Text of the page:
It's also illegal, and offenders can face jail time: a 2010 law strengthened the punishment for drivers who pass school buses illegally. First-time offenders now face up to a $500 fine and six months in jail. Drivers who injure or kill a child while passing a bus could serve up to a decade in prison.
Lacy said officials try to keep traffic buildups caused by busing to a minimum, and that drivers make every effort to let traffic pass when it's safe. But generally, he preaches patience to drivers who are tempted to pass a stopped school bus.
"Please don't put a child in danger," he said. "You're looking at maybe a minute at a stop."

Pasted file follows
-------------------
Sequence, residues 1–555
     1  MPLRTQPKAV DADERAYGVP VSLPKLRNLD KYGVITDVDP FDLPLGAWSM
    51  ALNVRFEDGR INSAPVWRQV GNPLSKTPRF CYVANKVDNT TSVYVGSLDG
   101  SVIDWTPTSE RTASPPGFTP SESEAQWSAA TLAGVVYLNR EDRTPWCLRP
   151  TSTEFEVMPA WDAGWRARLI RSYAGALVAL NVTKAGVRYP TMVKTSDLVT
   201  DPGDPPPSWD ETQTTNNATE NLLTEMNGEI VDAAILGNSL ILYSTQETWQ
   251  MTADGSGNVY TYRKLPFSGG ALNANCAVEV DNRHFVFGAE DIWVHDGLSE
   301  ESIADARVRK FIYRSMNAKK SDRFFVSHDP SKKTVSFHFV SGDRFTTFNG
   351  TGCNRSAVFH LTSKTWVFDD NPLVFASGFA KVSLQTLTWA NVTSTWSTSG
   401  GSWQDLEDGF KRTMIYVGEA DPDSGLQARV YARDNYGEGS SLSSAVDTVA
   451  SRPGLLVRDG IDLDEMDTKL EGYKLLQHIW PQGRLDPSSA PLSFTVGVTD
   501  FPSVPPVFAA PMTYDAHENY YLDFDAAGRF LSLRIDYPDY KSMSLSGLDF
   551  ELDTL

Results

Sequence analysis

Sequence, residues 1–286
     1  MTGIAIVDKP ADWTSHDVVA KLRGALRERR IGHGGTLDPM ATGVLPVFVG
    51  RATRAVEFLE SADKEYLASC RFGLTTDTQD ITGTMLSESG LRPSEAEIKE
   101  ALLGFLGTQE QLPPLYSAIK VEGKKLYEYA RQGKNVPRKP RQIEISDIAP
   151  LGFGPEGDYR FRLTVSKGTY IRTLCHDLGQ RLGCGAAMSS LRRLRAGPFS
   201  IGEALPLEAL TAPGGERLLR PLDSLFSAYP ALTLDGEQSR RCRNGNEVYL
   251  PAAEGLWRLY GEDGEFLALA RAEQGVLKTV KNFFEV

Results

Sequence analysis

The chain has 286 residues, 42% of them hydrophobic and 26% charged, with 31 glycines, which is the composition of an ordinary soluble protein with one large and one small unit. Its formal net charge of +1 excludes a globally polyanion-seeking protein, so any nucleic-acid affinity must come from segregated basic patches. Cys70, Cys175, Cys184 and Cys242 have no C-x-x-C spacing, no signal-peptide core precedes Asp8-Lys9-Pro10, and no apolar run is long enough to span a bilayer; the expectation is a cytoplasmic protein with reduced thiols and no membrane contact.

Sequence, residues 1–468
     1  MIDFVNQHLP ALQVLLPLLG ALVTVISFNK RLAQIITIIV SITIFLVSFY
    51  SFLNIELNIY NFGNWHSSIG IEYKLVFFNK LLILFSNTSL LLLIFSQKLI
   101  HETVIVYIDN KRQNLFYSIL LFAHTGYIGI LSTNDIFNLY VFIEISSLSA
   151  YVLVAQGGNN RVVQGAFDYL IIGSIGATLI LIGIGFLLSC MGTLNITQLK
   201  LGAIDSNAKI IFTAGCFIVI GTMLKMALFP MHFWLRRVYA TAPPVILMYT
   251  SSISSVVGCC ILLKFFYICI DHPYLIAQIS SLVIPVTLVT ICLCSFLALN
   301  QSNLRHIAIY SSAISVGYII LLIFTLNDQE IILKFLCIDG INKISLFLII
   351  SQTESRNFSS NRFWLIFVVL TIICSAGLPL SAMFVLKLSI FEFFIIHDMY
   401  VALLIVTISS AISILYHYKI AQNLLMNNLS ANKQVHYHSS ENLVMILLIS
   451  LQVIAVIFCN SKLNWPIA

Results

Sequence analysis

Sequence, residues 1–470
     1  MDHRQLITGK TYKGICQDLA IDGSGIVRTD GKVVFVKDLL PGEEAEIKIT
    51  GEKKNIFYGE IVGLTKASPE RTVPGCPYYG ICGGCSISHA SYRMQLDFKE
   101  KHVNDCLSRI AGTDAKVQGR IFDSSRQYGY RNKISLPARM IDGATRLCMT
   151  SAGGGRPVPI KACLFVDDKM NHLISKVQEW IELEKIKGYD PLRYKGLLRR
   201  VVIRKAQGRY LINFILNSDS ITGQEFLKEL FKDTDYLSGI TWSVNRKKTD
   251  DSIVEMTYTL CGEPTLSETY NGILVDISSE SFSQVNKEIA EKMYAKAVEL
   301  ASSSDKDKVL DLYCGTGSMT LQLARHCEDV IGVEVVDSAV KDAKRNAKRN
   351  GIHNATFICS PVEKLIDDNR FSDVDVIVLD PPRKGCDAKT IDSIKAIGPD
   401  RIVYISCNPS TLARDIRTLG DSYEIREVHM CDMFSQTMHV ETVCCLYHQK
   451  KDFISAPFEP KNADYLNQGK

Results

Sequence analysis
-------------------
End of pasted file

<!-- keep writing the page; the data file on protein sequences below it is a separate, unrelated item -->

Kanawha County schools start next Friday, which might catch some drivers off guard. Buses will be on the roads two weeks earlier than during former summers.
"They're not accustomed to seeing the buses on the road, and come Friday morning, they're going to pop around the corner and see a bus there," Lacey said.
But the school system is ready for the early start. Lacy said the buses are well-equipped to handle the summer temperatures.
This is the first year that all of the buses in the regular rotation are outfitted with air-conditioning systems. At Huffman's garage, for instance, six buses would need to break down before the staff would resort to using spare buses that aren't air-conditioned.
Also new to Kanawha County Schools this year is a bus information system called "Look It Up."
Parents can access the system through the school system's website, www.kcs.kana.k12.wv.us. The system lets parents access information about bus routes and attendance areas.
Contact writer Shay Maunz at shay.ma...@dailymail.com or 304-348-4886.